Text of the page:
The 2012 municipal budget is one of trying to manage mandated increases against stagnant state aid and the multi-million dollar impact of tax appeals, officials said at the annual budget hearing last night.
Although Toms River Township Administrator Paul Shives said the directive from Mayor Thomas Kelaher was to keep services level, nevertheless, Toms River's tax payers will be paying more in taxes this year.
Toms River's tax rate would increase 2.8 cents per $100 of assessed valuation, resulting in about $79 more annually in tax payment.
| Check out our previous stories on the Toms River 2012 budget |
In previous years the Toms River budget was impacted by lost or level state aid, a mandated 2 percent cap, and rising pension costs. This year, Shives said, an enormous number of successful were added to the equation.
The amount of assessed value in Toms River went down, resulting in less tax revenue. Tax appeals that have decreased Toms River's assessed value by $780 million in the past 2 years, officials said. Shives said the township had to reimburse taxpayers more than $2.3 million.
Shives said whole neighborhoods will be reassessed because of the large number of successful appeals, and several hundred tax appeals are outstanding, which will further result in impact to the budget's tax revenue.
At the budget hearing last night, while approximately 30 residents and township officials attended, three residents asked about the budget. They questioned the tax appeal calculation, and asked about salary impact.
Shives said that for many residents who've underwent the tax appeals process, with a drop in property values those taxpayers would actually be paying a tax bill that's less than previous.
"This is the impact we're seeing," Shives said.
The tax levy is increasing mainly to cover the impact of tax appeals, officials said. Shives outlined a number of policies in place to keep spending in check.
The largest portion of the spending plan is salaries and benefits.
More than 40 percent of the salaries pays for public safety and public works positions, Shives said — positions for police officers and garbage collection. "This makes up 40 percent of the budget, as it should be," Shives said.
However, the police force is operating with fewer officers than normal due to a high number of retirements the past two years. The township has not filled all the vacancies created from the retirements, and the 2012 budget plans to fill only some of the police department vacancies, Shives said.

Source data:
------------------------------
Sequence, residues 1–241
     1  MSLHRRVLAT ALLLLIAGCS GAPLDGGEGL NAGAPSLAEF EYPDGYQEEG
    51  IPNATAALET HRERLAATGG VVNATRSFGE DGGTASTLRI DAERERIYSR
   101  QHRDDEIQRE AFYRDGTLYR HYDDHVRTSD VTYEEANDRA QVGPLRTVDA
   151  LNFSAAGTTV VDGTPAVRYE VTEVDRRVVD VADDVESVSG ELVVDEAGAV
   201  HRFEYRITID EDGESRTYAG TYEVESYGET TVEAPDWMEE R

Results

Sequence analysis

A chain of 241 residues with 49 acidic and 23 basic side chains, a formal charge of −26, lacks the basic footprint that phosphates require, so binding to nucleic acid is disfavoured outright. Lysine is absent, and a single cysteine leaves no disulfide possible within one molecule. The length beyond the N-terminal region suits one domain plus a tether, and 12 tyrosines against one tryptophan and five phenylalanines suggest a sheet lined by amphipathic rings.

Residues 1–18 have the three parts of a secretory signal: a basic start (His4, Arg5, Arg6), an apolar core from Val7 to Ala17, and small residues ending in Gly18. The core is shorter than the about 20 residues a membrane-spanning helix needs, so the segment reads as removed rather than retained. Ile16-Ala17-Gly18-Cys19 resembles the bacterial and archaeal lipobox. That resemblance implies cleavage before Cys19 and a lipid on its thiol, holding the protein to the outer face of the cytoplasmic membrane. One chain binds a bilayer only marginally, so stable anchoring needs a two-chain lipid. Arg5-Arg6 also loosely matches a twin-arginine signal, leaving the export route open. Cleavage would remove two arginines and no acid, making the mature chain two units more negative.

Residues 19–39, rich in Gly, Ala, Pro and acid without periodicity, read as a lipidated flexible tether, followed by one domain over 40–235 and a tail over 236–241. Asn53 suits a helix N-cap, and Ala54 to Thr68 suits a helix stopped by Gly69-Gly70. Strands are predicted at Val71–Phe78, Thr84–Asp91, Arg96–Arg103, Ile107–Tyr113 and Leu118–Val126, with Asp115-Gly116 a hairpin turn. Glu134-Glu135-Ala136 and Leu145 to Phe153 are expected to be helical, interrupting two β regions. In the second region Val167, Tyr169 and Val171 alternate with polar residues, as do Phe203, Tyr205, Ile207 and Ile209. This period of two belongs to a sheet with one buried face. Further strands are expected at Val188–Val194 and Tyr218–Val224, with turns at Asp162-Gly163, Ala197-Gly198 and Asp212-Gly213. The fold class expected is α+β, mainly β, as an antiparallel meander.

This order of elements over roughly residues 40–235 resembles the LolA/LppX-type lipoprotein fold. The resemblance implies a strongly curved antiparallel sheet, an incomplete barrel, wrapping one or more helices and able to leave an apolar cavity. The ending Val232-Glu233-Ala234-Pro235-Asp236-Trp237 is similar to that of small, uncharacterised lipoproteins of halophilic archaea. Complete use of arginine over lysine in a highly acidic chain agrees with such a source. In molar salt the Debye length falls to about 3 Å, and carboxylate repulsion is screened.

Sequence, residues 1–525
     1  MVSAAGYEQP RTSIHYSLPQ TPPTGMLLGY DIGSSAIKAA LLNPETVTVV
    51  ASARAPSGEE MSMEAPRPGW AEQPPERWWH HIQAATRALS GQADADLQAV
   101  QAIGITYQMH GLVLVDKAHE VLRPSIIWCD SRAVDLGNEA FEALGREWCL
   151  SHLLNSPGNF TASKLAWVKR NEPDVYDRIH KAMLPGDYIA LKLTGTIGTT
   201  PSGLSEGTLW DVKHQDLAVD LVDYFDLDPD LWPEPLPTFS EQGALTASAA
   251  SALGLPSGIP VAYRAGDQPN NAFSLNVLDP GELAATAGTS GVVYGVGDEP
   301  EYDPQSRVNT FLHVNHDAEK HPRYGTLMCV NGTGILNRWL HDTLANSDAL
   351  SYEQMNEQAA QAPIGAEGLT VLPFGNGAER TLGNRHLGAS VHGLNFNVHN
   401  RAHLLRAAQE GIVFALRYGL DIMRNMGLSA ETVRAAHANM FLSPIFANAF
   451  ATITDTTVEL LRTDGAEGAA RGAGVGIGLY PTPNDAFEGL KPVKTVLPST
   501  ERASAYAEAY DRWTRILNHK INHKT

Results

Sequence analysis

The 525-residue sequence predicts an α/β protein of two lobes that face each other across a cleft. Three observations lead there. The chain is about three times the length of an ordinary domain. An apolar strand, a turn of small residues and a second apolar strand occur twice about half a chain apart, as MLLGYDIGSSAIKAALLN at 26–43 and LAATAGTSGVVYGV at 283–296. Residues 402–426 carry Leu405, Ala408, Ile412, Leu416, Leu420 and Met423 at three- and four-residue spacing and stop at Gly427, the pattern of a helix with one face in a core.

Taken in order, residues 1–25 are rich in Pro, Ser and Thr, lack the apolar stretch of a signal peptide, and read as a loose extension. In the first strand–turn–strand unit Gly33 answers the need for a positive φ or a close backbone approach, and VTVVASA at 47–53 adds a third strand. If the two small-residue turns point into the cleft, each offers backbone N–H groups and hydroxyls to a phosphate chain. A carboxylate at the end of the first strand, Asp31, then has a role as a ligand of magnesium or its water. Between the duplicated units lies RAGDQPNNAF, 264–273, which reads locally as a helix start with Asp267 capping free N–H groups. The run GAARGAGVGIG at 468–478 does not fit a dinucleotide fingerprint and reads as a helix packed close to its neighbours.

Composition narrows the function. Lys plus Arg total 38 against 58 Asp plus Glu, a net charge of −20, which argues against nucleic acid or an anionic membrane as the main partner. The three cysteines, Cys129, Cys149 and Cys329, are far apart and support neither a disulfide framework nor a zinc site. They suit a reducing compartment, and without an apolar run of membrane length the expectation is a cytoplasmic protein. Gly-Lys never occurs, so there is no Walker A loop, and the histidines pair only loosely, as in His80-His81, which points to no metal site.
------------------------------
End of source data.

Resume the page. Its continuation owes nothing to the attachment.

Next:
The business administrator added that the township managed to keep its spending on salaries level. This was due in part to renegotiating union contracts, and attrition as personnel retired or left. Furloughs are again in place for 2012.
"Absolutely there are contracts we have to honor, but thanks to the bargaining units and renegotiating the contracts, they are flat," Shives said. "The effect of that is huge...I don't know of any other town in Ocean County that is doing that."
Shives said he asked every department to look at its budget and slash spending.
"Line items are cut 10 percent," Shives said. "That means spending is at 2009 levels, because we froze spending at 2010."
While the Capital Improvement Fund is $400,000 less, the projects that dominate this year's spending are "absolutely necessary" bulkheading, street resurfacing and drainage improvements, Shives said.
"We can never really appropriate enough funds to resurfacing and draining but we do the best we can," Shives said.
The council emphasized that the budget and tax levy is seeing minimal growth.
"It's less than six percent over 2010 to 2012," Councilman George Whittman said. "I don't know where else you can find that."
Three residents who questioned the budget at the hearing asked if more transparency and less taxpayer impact with lower spending was possible.
Council members said spending is flat while still taking care of necessary projects.
The council is scheduled to vote on the budget at its next meeting, 6 p.m. Tuesday, May 8 in town hall.
The budget presentation and proposed budget is available on the township website, and is attached to this article as a .pdf file.